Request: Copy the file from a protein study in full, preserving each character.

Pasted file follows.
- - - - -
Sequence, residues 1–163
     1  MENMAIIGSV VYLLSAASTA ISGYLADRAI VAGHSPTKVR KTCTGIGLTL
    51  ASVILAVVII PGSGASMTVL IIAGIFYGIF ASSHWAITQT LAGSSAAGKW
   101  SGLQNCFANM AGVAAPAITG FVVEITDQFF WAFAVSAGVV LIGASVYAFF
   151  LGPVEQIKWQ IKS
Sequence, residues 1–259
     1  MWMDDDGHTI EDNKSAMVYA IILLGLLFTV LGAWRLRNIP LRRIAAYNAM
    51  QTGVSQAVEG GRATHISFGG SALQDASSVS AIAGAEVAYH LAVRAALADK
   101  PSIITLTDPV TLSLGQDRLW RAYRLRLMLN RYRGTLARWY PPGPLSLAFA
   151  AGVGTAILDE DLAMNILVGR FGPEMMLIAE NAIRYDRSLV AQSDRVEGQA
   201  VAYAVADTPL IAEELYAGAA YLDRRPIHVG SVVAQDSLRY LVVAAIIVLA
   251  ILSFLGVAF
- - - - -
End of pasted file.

Sequence, residues 1–163
     1  MENMAIIGSV VYLLSAASTA ISGYLADRAI VAGHSPTKVR KTCTGIGLTL
    51  ASVILAVVII PGSGASMTVL IIAGIFYGIF ASSHWAITQT LAGSSAAGKW
   101  SGLQNCFANM AGVAAPAITG FVVEITDQFF WAFAVSAGVV LIGASVYAFF
   151  LGPVEQIKWQ IKS
Sequence, residues 1–259
     1  MWMDDDGHTI EDNKSAMVYA IILLGLLFTV LGAWRLRNIP LRRIAAYNAM
    51  QTGVSQAVEG GRATHISFGG SALQDASSVS AIAGAEVAYH LAVRAALADK
   101  PSIITLTDPV TLSLGQDRLW RAYRLRLMLN RYRGTLARWY PPGPLSLAFA
   151  AGVGTAILDE DLAMNILVGR FGPEMMLIAE NAIRYDRSLV AQSDRVEGQA
   201  VAYAVADTPL IAEELYAGAA YLDRRPIHVG SVVAQDSLRY LVVAAIIVLA
   251  ILSFLGVAF